England 1-0 Ukraine: cagey game

June 20, 2012

The starting line-ups

Wayne Rooney returned to head in a simple goal, and England finish top of Group D.

Roy Hodgson dropped Andy Carroll to bring in Rooney, so Danny Welbeck returned to his position as the primary centre-forward.

Oleh Blokhin made various changes – Andriy Shevchenko wasn’t fit enough to start, and Andriy Voronin was dropped, so there was an all-new centre-forward partnership of Artem Milevskiy and Marco Devic. Serhiy Nazarenko was replaced by Denys Harmash, and Yaroslav Rakitskiy came in at the back.

Like all three of England’s matches, this was poor technical game lacking in quality, and many of the chances came from set-pieces and crosses.


This was a clash between two similar sides – 4-4-1-1, with one forward dropping off into midfield. It created a cagey, frustrating game that saw little creativity from the centre of the pitch, and both sides looking to work the ball into wide positions.

The most interesting battle was Oleh Huisev against Ashley Young. The Ukrainian right-back played extremely high up the pitch, pushing Young back towards his own goal. At the start of the game Young appeared surprised by Husiev’s attacking intent (he shouldn’t have been, based upon Ukraine’s two games), and Ashley Cole moved out wider and allowed too much space between himself and Joleon Lescott. When Young adjusted his positioning and played deeper, however, Husiev was no longer a threat. Blokhin later tried to get Husiev into more space by moving him to the right of midfield.

It was crucial that England stopped Husiev, because they’ve looked vulnerable to crosses in this tournament, and Husiev was the main threat in that respect. The two wingers came inside, though Andriy Yarmolenko sometimes looked to receive long diagonals up against Cole.

On the other flank, Yevhen Konoplyanka stayed wide initially, then cut inside suddenly to have long-range shots. One tested Joe Hart, forcing him into an awkward save, but four were off target. England were probably happier with a winger coming inside rather than one charging down the outside and crossing, but they must be careful in that zone ahead of the back four, having conceded from that position against France.

England on ball

England were disappointing on the ball, with little invention from the midfield zone. Steven Gerrard and Scott Parker play flexibly and switch sides depending on where Gerrard ends up after attacking, but Gerrard tended to stay more to the right of the pitch in this game, having previously spent more time to the left – though this may have been unintentional.

Rooney found space in deep-lying positions, but England couldn’t get the ball to him via the midfielders, who were closed down quickly. Instead, England looked better when the defence hit ambitious balls forward, bypassing the midfield completely. Their best chance of the first half came after a long diagonal from John Terry to Young, followed by a cross that should have been headed in by Rooney.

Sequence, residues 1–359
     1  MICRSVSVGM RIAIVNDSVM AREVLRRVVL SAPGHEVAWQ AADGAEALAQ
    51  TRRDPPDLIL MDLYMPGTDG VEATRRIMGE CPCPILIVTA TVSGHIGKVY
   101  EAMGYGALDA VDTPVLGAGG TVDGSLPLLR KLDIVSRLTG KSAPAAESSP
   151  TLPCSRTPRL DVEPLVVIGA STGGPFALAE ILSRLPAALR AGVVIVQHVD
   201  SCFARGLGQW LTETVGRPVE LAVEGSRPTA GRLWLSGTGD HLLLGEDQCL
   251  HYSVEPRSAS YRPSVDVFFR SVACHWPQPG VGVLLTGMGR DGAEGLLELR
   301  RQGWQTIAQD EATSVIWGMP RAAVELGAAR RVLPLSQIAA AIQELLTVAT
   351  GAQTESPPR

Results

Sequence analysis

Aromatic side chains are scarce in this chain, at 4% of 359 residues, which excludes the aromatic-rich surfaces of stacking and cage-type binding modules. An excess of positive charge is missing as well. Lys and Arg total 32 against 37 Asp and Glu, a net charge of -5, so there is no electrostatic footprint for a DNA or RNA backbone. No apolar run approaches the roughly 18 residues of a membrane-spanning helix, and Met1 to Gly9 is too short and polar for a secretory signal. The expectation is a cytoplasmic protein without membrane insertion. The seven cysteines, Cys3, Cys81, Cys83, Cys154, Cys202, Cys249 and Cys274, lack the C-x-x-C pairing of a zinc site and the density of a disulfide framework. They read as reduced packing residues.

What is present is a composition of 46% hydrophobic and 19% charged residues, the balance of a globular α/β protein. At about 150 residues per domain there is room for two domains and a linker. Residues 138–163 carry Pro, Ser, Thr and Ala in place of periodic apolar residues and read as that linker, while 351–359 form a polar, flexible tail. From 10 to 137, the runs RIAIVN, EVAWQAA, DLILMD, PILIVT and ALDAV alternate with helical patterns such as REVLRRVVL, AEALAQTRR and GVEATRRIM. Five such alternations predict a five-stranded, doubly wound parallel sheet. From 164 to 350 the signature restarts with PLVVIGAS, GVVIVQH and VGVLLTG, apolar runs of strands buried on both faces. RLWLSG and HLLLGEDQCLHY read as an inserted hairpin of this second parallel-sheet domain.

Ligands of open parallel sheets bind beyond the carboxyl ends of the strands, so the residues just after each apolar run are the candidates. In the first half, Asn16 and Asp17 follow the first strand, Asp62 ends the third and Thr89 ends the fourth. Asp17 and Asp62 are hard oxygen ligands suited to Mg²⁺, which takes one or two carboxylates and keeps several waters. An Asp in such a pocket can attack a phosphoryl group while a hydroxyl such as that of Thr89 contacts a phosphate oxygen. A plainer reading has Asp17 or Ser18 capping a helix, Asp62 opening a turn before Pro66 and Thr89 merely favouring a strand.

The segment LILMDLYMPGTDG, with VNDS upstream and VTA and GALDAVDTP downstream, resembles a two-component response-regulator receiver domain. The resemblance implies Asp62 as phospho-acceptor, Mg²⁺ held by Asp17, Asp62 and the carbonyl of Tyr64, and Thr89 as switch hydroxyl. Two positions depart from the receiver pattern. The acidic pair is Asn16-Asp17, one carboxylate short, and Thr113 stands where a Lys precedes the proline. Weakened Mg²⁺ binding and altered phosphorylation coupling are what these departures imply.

Either side of half-time, it became a game of set-pieces. England built pressure with corners in the first half, and while they went ahead following a right-wing corner (Gerrard’s third right-wing assist of the tournament, which might hint at why he spent more time towards that side), they then became penned in by a succession of Ukraine corners.

In truth, the game never developed into a truly exciting spectacle. England were content with their 1-0 (in fact, with news from the other game, they would have topped the group with a draw) while Ukraine were disappointingly tame in front of their home crowd, needing a win to progress – though they probably would have rallied had Milevskiy’s deflected shot been given as a goal.

The substitutions changed little, with only one significant re-structuring by either coach. Blokhin introduced right-back Bohdan Butko for Milevskiy – on paper a very defensive change, but Blokhin moved Husiev forward and Yarmolenko inside, and Ukraine played in roughly the same system.

Hodgson called upon Theo Walcott, Andy Carroll and Alex Oxlade-Chamberlain, who have all played previously in the tournament, to give a renewed attacking threat – but they completed five passes combined, and their introduction was irrelevant to the feel of the game.


4-4-1-1 versus 4-4-1-1, and two naturally reactive teams. As in England’s previous matches, set-pieces were crucial to England’s goalscoring, although they still don’t appear comfortable defending them at the other end. Still, England have their back four and two central midfielders sorted, and Hodgson has options in the other four positions, with players who offer different attributes and tactical variety. Regardless of how England fare in the knockout stage, Hodgson’s performance as coach has been quietly impressive.

Ukraine rarely played well in this tournament. Even their win against Sweden was down to brilliance from Shevchenko rather than great overall play, and Blokhin may regret that unnecessary half-time substitution against France. Still, the Shevchenko-inspired turnaround against Sweden will be remembered forever in Ukraine – and in the absence of a realistic chance of winning the competition, that was probably the best possible outcome.

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